Steve Fletcher’s Northeast Minneapolis home is sandwiched between two foreclosed houses.
For him, like most Twin Cities residents, the foreclosure crisis has been more than a series of headlines.
But new data bears good news. Foreclosure sales in Minnesota for July, August and September dropped 32 percent from the same time last year, according to numbers released Friday by HousingLink , a Minneapolis-based group that gathers housing data.
Minneapolis is part of a national trend of rising home foreclosures and falling homeownership rates that hit the market more than four years ago.
The city projects less than 2,000 foreclosures this year — a 33 percent decline from the peak year, 2008, when about 3,000 Minneapolis homes were foreclosed.
Some of the state’s highest foreclosure rates are in the north and south-central neighborhoods of Minneapolis. Unemployment and under-employment are among the largest factors for foreclosure sales in the state.
Meanwhile, University of Minnesota neighborhoods like Marcy-Holmes, Prospect Park and Southeast Como have historically seen fewer foreclosure sales because of their renter-based market, said Cherie Shoquist, the city’s foreclosure recovery coordinator.
According to the Hennepin County Sheriff Office’s foreclosure database, Marcy-Holmes had only 11 foreclosures in 2010. There were 25 foreclosure sales in Cedar-Riverside, Prospect Park and Southeast Como last year.
As of September, the area’s foreclosure sales this year total about 18, according to Hennepin County data.
Before 2007, there were roughly 5,000 and 6,000 foreclosures in Minnesota per year. Numbers have since increased about 400 percent, said Julie Gugin, executive director of the Minnesota Home Ownership Center .
Bankruptcy attorney Ian Ball pointed to past practices of lending and borrowing, which added to the number of foreclosure sales in the state. Temporary financing was given to people who sometimes couldn’t afford their homes, he said, making it nearly impossible for some homeowners to pay off their mortgages.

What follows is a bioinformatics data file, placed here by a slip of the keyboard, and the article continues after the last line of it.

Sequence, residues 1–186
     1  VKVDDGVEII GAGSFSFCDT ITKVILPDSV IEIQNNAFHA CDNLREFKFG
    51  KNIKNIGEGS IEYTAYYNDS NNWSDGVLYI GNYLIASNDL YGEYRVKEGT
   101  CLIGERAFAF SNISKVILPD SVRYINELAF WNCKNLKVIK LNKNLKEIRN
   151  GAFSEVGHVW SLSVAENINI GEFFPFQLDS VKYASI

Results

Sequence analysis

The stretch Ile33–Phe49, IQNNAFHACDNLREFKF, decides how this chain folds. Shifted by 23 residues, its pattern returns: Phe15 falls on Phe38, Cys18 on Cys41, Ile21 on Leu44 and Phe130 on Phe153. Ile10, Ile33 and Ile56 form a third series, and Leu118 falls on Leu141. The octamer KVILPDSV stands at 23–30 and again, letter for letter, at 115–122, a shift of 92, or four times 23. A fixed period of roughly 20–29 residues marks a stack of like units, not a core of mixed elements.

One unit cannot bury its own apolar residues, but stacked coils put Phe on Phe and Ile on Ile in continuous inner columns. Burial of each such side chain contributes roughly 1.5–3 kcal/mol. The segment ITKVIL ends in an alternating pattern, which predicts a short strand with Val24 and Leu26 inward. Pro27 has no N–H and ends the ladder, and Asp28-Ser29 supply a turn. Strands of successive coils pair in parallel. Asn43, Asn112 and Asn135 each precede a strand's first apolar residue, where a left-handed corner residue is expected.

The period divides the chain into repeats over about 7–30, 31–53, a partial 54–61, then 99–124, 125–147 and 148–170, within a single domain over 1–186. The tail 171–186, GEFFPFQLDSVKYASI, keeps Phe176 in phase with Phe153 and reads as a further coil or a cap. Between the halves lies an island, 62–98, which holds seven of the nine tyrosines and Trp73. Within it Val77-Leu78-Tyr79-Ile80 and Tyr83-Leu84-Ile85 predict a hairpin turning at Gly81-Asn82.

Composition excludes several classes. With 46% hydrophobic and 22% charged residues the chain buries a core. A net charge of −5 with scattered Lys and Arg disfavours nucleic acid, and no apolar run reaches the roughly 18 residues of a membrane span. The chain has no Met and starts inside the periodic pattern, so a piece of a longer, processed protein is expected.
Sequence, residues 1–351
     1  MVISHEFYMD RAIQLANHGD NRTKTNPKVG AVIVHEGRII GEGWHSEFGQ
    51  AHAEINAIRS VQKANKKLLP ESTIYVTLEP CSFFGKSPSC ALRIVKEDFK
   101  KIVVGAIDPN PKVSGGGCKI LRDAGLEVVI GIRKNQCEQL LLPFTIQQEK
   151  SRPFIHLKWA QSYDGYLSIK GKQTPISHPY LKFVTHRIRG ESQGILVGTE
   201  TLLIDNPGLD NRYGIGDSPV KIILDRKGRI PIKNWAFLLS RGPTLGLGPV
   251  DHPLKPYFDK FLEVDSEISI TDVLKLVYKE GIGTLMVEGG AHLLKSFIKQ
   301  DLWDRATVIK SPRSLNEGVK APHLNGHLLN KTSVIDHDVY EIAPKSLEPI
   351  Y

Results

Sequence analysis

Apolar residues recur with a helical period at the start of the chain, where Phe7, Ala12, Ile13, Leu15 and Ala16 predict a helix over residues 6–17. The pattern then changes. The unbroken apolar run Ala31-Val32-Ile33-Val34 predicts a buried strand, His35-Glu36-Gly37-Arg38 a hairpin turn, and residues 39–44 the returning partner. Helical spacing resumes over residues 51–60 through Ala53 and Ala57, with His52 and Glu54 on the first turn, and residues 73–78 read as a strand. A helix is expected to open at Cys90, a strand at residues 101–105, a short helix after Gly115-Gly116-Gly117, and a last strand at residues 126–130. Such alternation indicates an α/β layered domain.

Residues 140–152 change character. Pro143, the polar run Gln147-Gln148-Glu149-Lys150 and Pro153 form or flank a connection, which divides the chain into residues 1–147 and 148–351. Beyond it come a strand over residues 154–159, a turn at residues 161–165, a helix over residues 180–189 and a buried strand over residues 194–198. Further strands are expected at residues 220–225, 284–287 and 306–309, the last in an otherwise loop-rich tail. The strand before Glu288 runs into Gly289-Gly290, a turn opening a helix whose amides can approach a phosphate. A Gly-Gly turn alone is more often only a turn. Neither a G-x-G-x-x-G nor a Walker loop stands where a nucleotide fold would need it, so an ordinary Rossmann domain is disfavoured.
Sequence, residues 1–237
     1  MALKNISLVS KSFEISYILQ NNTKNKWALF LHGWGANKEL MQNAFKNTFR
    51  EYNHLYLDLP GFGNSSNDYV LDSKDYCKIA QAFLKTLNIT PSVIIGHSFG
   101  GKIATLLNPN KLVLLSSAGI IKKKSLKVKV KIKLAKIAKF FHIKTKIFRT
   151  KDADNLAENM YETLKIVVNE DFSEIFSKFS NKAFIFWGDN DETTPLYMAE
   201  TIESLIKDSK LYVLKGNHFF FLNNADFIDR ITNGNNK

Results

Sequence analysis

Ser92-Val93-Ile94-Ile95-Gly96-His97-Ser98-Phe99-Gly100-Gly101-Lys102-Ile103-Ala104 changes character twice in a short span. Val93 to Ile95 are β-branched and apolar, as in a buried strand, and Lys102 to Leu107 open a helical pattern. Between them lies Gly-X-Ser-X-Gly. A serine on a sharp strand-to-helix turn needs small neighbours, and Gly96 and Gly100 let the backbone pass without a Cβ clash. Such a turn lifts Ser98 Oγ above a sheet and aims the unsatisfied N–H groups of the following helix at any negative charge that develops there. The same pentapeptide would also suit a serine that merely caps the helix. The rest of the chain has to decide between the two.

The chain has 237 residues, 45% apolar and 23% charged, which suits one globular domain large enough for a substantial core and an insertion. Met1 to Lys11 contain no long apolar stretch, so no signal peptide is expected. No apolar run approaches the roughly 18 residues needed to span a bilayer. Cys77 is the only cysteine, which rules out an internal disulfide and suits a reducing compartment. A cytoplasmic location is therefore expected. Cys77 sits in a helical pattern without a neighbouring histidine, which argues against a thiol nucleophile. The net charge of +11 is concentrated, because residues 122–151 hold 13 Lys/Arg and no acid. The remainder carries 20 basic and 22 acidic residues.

“There are a lot of consumers who unfortunately got in over their heads, and there was a lending industry that helped them jump into the deep end of the pool,” he said. “Some can swim, and a lot couldn’t.”
Gugin said the organization saw more instances relating to those practices when the foreclosure crisis first hit in 2007.
“Over time, the foreclosure crisis that originated in the urban core has moved out to these areas,” she said.
Although Hennepin County still has the highest number of foreclosures in the state, neighboring counties — including Dakota and Scott — have also been hit by foreclosures and short sales in recent years.
Data shows that Dakota County had 451 foreclosures in the third quarter — a 27 percent decrease compared to the same period last year.
The Minnesota Home Ownership Center works with about 45 foreclosure agencies across the state, offering homeowners services like foreclosure prevention and refinance counseling. It will serve about 11,000 Minnesotans facing foreclosure sales or mortgage concerns this year.
Fletcher said many foreclosed homeowners are forced to relocate outside the city, which “breaks down the social network of a neighborhood.”
“Whether you’re someone who can make their payments or someone who’s never had a mortgage, it’s hurting everyone,” said Fletcher, who is also the executive director at Minnesota Neighborhoods Organizing for Change.
The organization has targeted big banks, including Wells Fargo and U.S. Bank, for much of the blame.
But Ball said while lending practices capitalized on the average homeowner in recent years, it is something the market has seen before — a housing bubble inthe early 1980s made more Americans into homeowners than ever before.
“There’s a lot of finger pointing going around,” he said. “Sure, the banks and mortgage lenders had a significant role in encouraging homeowners to take out loans … but you also need a borrower to make a loan.”